2nd.Lt Lloyd Dietz St.Aubyn Lyon MM, RAF - 54 Squadron

1898 May 1. Born. Kingston, Jamaica

1903 Visited New York

1913 Arrives in New York from Jamaica on SS Obidense. He and his mother are on the manifest as Jamaican and ethnic West Indian. His mother is 34 and he is 15.

1914 Sep 22. Enlists, and increases his age by 2 years to get into the Canadian Army - attestation form. His next of Kin is his mother Mrs Emma Lyon in 275 JarvisSt, Toronto

1915 Jul 31. Lands in France

1918 Jan 24. The undermentioned Cadets to be temp.2nd Lts. (on prob.). Lloyd Diets St. Aubyn Lyon

1919 Feb 28. Died in an aircraft crash off Howth, Dublin on a flight from Chester. Son of Mrs. Emma Lyon, of 98, Northcliffe Block, Toronto. Enlisted in 3rd Bn. Canadian Inf.

Airman Lost In Dublin Bay – Canadian’s Fall of 9,000 Feet [The Irish Times 03 Mar 1919]
Just at nightfall on Friday last the attention of residents on the Sutton side of Howth Hill was attracted by the flashing of lights in a field not far from the Baily Lighthouse. Inquiry disclosed the fact that two aeroplanes had descended in the field, and that an accident had occurred in Dublin Bay, apparently involving the loss of one life. It appears that three aeroplanes, in one of which was seated Flight Lieutenant J Lyon MM, of the Canadian Royal Air Force, set out from Chester on Friday to fly to the aerodrome at Baldonnell, County Dublin. They crossed the Channel at an altitude of about 9000 feet, and when nearing the Hill of Howth the three machines put their noses down with a view to the landing at Baldonnell. The flight leader at this point noticed the Lieutenant Lyon’s machine had apparently developed engine trouble, and saw it descend rapidly and land on the surface of the water at a point about five miles south of the Baily. The leader proceeded on to Howth, and descended in a field near the Baily, and immediately telephoned for a patrol boat to be sent out from Kingstown. Meanwhile the third aeroplane came down close to the water and hovered round the spot where the accident had happened. The pilot saw the broken down machine sink, and Lieutenant Lyon floating in the water. A sailing vessel was leaving the Bay, and the airman flew towards her, and sought to attract the attention of those on board, indicating the spot where his companion was struggling in the water. The sailors responded to his signals, but apparently failed to understand his meaning or realise that there had been an accident, for the vessel did not alter her course. The third machine was developing engine trouble, and the pilot flew on to the Baily after the flight leader, who had in the meantime telephoned for a patrol boat. The leader then went out to the scene of the accident, but could find no trace of either Lieutenant Lyon or his machine in the water. Darkness was setting in when he returned to Howth. A patrol boat was despatched to the scene from Kingstown at about 5.30 pm, but was equally unsuccessful in its search. The two airmen who landed at Howth were well looked after, and hospitably accommodated for the night at the residence of a gentleman in the vicinity of the spot where they descended. Naturally the news of the accident caused a painful sensation at Howth. During Saturday and Sunday boats went out into the Bay and searched in vain for any sign of Lieutenant Lyon or his machine.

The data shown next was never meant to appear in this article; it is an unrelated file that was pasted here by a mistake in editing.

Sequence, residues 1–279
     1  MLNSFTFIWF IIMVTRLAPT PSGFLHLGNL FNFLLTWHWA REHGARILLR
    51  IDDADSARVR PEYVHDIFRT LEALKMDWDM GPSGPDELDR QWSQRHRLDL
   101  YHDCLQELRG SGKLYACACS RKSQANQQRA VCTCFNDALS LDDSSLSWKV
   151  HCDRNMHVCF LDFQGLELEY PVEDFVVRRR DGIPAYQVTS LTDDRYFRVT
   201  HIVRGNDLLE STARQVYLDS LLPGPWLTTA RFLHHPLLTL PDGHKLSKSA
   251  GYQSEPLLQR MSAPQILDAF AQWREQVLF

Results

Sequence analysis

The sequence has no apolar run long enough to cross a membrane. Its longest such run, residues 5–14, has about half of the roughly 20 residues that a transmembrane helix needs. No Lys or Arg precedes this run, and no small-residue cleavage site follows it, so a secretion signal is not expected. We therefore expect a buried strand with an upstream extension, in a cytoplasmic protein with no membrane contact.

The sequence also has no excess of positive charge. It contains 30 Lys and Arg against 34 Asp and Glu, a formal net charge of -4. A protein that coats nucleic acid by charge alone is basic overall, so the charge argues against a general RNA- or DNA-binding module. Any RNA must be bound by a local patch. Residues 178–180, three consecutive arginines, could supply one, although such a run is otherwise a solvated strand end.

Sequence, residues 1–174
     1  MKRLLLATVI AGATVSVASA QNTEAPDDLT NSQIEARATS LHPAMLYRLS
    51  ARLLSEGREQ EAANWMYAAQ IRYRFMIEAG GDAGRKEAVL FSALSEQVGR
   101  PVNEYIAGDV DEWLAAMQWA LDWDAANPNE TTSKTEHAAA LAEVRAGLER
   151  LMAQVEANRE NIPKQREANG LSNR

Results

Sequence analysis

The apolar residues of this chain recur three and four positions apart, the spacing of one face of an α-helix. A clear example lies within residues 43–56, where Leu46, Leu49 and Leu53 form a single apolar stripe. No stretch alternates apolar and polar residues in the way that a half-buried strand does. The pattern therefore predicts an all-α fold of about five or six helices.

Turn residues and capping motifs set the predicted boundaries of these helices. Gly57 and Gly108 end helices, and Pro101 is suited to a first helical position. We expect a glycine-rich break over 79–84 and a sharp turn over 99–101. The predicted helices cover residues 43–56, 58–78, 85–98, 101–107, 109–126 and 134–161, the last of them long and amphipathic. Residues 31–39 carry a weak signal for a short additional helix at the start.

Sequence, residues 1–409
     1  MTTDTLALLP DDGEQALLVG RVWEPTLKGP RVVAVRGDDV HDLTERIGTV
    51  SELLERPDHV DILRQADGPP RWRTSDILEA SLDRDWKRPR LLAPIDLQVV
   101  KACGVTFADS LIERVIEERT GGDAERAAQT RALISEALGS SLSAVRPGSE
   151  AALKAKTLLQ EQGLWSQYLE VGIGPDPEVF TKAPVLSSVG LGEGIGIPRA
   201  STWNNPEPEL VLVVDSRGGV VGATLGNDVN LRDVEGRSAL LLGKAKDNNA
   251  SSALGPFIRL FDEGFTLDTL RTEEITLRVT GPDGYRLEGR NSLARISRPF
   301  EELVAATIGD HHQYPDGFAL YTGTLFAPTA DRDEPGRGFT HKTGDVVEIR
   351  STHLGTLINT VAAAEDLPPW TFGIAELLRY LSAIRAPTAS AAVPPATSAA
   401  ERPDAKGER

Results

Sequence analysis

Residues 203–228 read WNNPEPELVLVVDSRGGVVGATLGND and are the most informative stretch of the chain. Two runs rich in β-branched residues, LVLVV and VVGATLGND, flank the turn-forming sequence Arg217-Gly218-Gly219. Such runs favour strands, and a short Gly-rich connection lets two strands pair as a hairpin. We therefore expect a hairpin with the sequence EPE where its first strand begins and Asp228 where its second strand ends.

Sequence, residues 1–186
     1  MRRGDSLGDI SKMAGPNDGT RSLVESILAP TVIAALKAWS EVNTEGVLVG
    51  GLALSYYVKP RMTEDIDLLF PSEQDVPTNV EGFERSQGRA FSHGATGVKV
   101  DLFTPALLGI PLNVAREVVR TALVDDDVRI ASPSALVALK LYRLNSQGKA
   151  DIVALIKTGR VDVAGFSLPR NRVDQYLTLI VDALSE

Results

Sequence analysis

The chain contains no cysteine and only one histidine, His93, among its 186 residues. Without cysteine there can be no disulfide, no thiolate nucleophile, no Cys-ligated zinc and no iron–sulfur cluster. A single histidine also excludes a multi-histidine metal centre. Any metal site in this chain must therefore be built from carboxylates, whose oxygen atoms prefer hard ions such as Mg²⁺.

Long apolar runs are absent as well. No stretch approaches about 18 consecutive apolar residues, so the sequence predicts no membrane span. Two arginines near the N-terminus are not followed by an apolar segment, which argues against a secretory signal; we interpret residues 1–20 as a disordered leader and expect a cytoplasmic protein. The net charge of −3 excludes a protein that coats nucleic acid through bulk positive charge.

Commemorated Hollybrook Memorial, Southampton


British soldiers died in Ireland